And yet Western societies are being reordered across the board to thwart the wishes of impressive majorities. Two-thirds of Americans oppose allowing people to use the bathrooms of their professed gender identity. These numbers are typical throughout North America, yet “inclusive restrooms” are being mandated all over the place regardless of the public’s professed wishes. And don’t even get me started on how many Americans reject amnesty for illegal aliens, despite which their government proposes it over and over again. Look at how they consistently vote, not at how they poll. The polls are — surprise! — wrong again.

Why this disconnect between the will of the people and the actions of politicians? Because solipsists make way more noise than altruists do. Governments improbably pay the most attention to the squeakiest wheels, and this is how these same governments are eventually removed by the silent majorities that elected them.

No nation can possibly accommodate the wishes of all its citizens at all times. What seems “good” to me is often not so good when viewed from your perspective. This is why we have laws.

Not For the Solipsistic (or the Faint of Heart)

In Israel, the laws came directly from God. They took into account the weakness of the people whose needs they addressed, and because they originated in the heart of a loving God, we can be confident that from beginning to end they embodied his people’s best interests — by which I mean their REAL interests, not their PERCEIVED interests.

When that law was violated, judgment fell. Human judgment when possible, divine judgment when human judgment failed. People got hurt, sometimes in large numbers, but it was all for the ultimate good of the nation and for those who would be born years down the line and would mark that nation’s example and govern themselves accordingly:
  • Nadab and Abihu offered unauthorized fire before the Lord and were incinerated on the spot, but the Israelite priesthood learned a critical lesson about the holiness of God. The needs of the many outweighed the needs of the few.
  • Three thousand idolatrous Israelites died by the sword of the Levites after the golden calf incident but at least temporarily, Israel learned a lesson about the offensiveness of idolatry to God. The needs of the many outweighed the needs of the few.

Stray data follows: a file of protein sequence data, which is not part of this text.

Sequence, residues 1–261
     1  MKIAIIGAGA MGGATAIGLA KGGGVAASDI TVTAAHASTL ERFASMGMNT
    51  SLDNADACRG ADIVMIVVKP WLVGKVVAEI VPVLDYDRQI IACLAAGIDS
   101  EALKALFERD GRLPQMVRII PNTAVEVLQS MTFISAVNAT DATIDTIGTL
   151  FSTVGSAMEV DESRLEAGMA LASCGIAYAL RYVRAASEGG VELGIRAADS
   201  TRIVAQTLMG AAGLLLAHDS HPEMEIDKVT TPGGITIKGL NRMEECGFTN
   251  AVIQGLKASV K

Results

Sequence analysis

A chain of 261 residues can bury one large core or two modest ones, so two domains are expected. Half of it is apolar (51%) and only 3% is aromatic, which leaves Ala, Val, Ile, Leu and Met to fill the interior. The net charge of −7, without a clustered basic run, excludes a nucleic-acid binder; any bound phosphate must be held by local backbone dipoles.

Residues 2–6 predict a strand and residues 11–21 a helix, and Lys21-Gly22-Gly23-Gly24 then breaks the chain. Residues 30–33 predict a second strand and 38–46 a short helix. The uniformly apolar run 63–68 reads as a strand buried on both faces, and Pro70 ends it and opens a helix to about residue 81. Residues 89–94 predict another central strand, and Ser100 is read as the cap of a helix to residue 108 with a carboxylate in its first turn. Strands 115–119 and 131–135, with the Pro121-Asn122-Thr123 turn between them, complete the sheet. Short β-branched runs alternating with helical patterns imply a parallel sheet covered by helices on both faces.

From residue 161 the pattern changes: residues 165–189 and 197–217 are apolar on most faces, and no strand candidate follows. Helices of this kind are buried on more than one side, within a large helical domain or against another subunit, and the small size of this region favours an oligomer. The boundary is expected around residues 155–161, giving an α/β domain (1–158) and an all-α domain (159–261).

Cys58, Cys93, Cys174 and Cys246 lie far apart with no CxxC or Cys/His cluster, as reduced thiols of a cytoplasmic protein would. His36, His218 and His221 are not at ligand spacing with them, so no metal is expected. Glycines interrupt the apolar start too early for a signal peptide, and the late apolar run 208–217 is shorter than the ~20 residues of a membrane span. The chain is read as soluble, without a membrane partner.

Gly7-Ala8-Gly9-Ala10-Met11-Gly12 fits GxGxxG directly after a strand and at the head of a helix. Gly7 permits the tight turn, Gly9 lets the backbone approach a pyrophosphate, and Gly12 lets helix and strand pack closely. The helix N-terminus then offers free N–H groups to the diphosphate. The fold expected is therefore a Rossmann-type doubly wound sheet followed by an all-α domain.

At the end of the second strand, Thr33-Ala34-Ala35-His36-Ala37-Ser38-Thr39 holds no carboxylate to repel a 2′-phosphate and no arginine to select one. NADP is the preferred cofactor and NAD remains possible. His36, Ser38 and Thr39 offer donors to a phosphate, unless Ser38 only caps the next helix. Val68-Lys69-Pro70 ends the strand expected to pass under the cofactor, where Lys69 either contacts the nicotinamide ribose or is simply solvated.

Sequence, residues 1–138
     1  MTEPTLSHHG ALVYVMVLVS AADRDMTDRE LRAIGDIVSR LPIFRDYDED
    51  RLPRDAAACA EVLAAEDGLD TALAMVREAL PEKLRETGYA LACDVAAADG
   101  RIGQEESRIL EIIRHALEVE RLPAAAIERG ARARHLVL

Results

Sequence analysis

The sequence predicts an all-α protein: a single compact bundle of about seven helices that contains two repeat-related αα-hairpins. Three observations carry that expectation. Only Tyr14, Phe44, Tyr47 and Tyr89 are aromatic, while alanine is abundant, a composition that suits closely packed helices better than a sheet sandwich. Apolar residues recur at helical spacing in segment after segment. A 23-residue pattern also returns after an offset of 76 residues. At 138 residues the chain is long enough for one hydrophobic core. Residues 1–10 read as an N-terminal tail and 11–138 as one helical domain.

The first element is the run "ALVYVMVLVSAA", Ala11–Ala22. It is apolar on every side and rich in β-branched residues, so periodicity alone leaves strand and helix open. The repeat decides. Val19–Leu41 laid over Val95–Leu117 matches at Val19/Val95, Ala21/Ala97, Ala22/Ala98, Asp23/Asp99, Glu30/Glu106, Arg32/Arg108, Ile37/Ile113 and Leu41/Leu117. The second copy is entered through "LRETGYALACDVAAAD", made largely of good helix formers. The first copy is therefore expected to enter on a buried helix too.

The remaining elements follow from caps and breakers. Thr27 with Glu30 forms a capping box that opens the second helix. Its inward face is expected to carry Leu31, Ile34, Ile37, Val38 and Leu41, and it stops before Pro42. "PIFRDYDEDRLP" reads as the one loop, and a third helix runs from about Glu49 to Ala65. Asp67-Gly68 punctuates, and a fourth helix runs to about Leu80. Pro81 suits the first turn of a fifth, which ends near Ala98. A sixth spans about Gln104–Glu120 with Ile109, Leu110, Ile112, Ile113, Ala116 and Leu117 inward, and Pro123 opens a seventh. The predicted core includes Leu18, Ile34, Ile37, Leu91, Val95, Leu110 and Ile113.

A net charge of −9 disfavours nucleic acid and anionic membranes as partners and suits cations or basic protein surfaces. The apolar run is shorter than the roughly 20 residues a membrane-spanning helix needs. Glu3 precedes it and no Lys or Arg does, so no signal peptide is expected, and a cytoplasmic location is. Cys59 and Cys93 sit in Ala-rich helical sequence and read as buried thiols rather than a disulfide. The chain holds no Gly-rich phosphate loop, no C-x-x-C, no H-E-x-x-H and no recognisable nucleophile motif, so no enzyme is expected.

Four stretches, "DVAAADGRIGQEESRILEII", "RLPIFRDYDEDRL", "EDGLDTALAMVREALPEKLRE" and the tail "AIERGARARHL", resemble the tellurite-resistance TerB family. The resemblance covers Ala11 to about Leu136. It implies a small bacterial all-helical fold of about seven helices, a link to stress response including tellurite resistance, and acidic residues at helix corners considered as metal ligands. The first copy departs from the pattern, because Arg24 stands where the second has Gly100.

• The son of an Egyptian living among the Israelites blasphemed God’s name and was stoned to death for his trouble, and Israel learned a lesson about the importance of reverence for the God who had delivered them from Egyptian slavery and protected them on their desert journey. The needs of the many … you get the picture.
We don’t think like that. We just don’t.

The Concept of Deterrence

Most of us don’t even believe punishing criminals serves as a deterrent to others of their ilk. For us, it’s all about the “wasted potential” of the sinner or the feelings of the criminal’s mother and father. We are solipsists, and when we see people judged for things we do all the time (or can certainly imagine ourselves doing), our first thought is “I wouldn’t want that to happen to ME!”

And our second thought is “Must be a bad law then.” Not logical. Not altruistic. Certainly not concerned first and foremost with the glory of God.

We are not thinking about the message judgment sends and its positive effect on the lives of our neighbours. God’s judgments on individuals hurt the individuals involved but were on the whole greatly beneficial to the nation. The needs of the many … Yeah, that.

God, Who Doesn’t Change …

New Testament examples, you ask? Sure, why not.

First, we have a wicked high priest who prophesied against his own natural inclinations:
“But one of them, Caiaphas, who was high priest that year, said to them, “You know nothing at all. Nor do you understand that it is better for you that one man should die for the people, not that the whole nation should perish.” He did not say this of his own accord, but being high priest that year he prophesied that Jesus would die for the nation, and not for the nation only, but also to gather into one the children of God who are scattered abroad.”
The needs of the many, even when the One who died for them was impeccable, and the many were stained with the same foul hypocrisy and selfishness of Caiaphas.

As for judgment in the Christian era, we need to look no further than Ananias and Sapphira, who brought upon themselves the judgment of God and died in front of the church in Jerusalem. Could they have been reeducated or rehabilitated? Sure, maybe. That’s probably what you and I would have recommended. God had something better in mind: “Great fear came upon the whole church and upon all who heard of these things.”

The needs of the many …

The Tentative Conclusion?

May I remind us all that the “one” upon whom God made the iniquity of us all to fall was his very own perfect Son?

Solipsistic thinking would lead me to wish that God might ease up a little on sin. After all, I have my own track record to consider. But that might require him to make an exception in my case, or worse, to change the rules for everyone.

Solipsism would say, “Go for it.”

I say this carefully (not to mention fearfully), but I would rather be the object of God’s judgment than ask that God cease to be God at my convenience.

That would just be out of order. The needs of the many …

And in any case, the One whose needs were outweighed has already paid the price.